I bought this book for my son and he loved it, he wrote this review and urged my to submitted: “I think this book has a very beautiful message, because it shows how the young Newman was so determined to achieve his dream of becoming a priest, but even after his dream he continued to work in the church with passion until the day he died, it’s so admirable that even Newman so old and so weak still had that urge to continued his work of being a priest. And the book is well written with words not too complicated with very enjoyable texts and well illustrated pictures. I highly recommend this book for a 5th grader.  

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What is a Classical Liberal Arts Education? Why is it so important for the development of a person?

Fr. Juan R. Vélez answers these and more questions you might have about University Education in the 21st century. This book is aimed for parents, prospective University students, and educators. It will help you discern why adding Liberal Arts electives to your education will help it form it better, and help the student learn to reason, and not just learn.

He also explains how many Universities have changed the true meaning of Liberal Arts, and the subjects, and gives advise on how to choose College Campus, Subjects, and Teachers.

A wonderful book that every parent should also read way before your children are College bound. A Liberal Arts education can start earlier in life, even from home.

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Endorsement by Christopher Moellering (Goodreads, September 14, 2019)
In Passion for Truth Fr. Vélez gave us an outstanding biography of Cardinal Newman. In this work, he provides a concise overview of his thought and his devotion. This is a great work for someone who, perhaps hearing of Newman for the first time because of his beatification 13 October, 2019, wants to know more about this English saint.Vélez is a wonderful writer in his own right, and the frequent quotations from Newman round out the work nicely. I especially appreciated the frequent citing of Newman’s Meditations and Devotions, which show a different side of his spirituality than his more well-known works, Development of Christian Doctrine and the Grammar of Assent.

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Take Five: Meditations with John Henry Newman, endorsement by Illow M. Roque (Amazon, September 3, 2010)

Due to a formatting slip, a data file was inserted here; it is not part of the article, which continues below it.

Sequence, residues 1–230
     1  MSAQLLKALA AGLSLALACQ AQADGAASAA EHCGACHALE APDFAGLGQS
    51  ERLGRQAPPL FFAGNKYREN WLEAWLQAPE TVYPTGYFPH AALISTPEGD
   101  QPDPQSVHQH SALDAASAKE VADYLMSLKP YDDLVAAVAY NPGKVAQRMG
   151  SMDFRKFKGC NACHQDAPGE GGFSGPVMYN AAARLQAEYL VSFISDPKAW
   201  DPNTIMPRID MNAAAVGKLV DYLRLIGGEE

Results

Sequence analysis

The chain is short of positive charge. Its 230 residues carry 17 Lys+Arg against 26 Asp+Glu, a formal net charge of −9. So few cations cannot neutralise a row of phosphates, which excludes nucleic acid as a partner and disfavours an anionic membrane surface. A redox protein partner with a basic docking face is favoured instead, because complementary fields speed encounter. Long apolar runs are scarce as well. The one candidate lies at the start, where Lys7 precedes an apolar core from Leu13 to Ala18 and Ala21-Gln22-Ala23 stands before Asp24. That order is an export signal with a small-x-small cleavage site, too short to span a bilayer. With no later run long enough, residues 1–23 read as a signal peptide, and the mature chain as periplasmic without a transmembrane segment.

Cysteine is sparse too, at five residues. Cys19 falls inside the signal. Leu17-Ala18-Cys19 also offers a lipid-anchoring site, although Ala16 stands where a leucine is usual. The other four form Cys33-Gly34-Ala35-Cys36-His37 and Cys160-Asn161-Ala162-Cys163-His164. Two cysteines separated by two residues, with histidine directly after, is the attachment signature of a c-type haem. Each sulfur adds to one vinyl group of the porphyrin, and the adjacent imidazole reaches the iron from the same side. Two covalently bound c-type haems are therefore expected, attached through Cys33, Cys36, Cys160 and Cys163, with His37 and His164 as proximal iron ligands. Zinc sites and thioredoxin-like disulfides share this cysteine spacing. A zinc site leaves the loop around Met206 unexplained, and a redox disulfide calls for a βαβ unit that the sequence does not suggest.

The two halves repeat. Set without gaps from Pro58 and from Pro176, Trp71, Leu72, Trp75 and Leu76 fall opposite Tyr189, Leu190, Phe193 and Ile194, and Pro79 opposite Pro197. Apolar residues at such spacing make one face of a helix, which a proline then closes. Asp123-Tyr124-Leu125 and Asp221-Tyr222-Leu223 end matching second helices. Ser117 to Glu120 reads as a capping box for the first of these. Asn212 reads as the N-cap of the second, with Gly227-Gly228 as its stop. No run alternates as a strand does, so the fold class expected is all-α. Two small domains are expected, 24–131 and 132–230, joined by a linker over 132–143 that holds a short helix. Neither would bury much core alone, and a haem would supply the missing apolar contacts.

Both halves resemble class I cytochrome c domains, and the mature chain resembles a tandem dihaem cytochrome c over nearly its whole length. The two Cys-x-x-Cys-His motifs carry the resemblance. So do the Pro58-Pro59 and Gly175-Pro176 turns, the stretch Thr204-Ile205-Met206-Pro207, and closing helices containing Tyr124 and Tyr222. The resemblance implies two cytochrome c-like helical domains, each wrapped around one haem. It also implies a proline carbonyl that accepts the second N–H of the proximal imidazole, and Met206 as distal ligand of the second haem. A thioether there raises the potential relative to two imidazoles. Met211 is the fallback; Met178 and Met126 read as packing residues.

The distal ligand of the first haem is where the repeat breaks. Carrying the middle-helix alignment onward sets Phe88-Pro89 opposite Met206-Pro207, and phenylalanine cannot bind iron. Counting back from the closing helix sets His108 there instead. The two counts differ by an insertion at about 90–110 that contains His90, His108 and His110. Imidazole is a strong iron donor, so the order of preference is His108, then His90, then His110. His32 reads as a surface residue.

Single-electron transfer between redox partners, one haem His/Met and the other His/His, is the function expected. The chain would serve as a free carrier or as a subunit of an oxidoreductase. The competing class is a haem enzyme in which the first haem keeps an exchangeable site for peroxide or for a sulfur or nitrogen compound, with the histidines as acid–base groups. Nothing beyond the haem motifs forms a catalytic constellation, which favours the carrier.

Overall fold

“There is a time to put direct inquiry on hold and give ourselves to prayer and practical duties.” Sound advice from one of the earlier, thought-provoking reminders in this sparkling gem of a book: Take Five | Meditations with John Henry Newman, written by Mike Aquilina and Fr. Juan R. Vélez and published by Our Sunday Visitor. This particular paragraph, referenced above, which begins with a direct quote from soon-to-be canonized priest, cardinal and poet, John Henry Newman: “Study is good, but it gets us only so far . . .” is actually the 15th in a series of 76 concise, logically organized meditations moving from the elementary to the sublime. Each meditation–one per page–is built upon the great man’s writings and remarkably rich spirituality. Whether taken whole in one reading or in part page-by-page over a course of weeks and months, these wonderfully insightful meditations will open up, even to the busiest reader in the midst of the world, a unique pathway into prayer and contemplation. My advice to spiritual inquirers at all levels, from the novice to the spiritually adept, is to follow the authors’ recommendation to use this book as a guide for daily prayer and meditation. The structure of the book itself is ideal: first, the authors introduce us to Cardinal Newman, the man, where we are given the opportunity to get to know him through a brief sketch of his life and spirituality at the beginning of the book. This is something readers will likely find themselves referring to again and again, prompting many, I suspect, to even wider explorations of this most gifted Christian leader. Then comes the meditations, consisting of a short summary of Newman’s thoughts on subjects taken, as the authors explain, from various salient points for which Newman is justly remembered: The pursuit of objective religious truth; Teaching on the Virtues; Defense of the Catholic Church; A devout spiritual and moral life; and Generosity and loyalty in his friendships, which sets the topic and tone for each meditation to follow. Each meditation consists of an excerpt taken from Newman’s thirty-plus volumes of writings and diaries. Next comes three brief and extremely useful sections entitled: “Think About It,” which establishes a prayerfully resonant tone throughout the book; “Just Imagine,” which provides a vivid, prayerful experience of the Scriptures that tie in, and finally, “Remember,” a pithy summation which the authors suggest may be used as a daily aspiration. Each meditation is given its own page, which makes it ideal for daily reflection for readers on the go. This book is a must have for every serious Catholic who wants to take their faith to the next level, which is to respond appropriately to the universal call to holiness and seek interior union with God.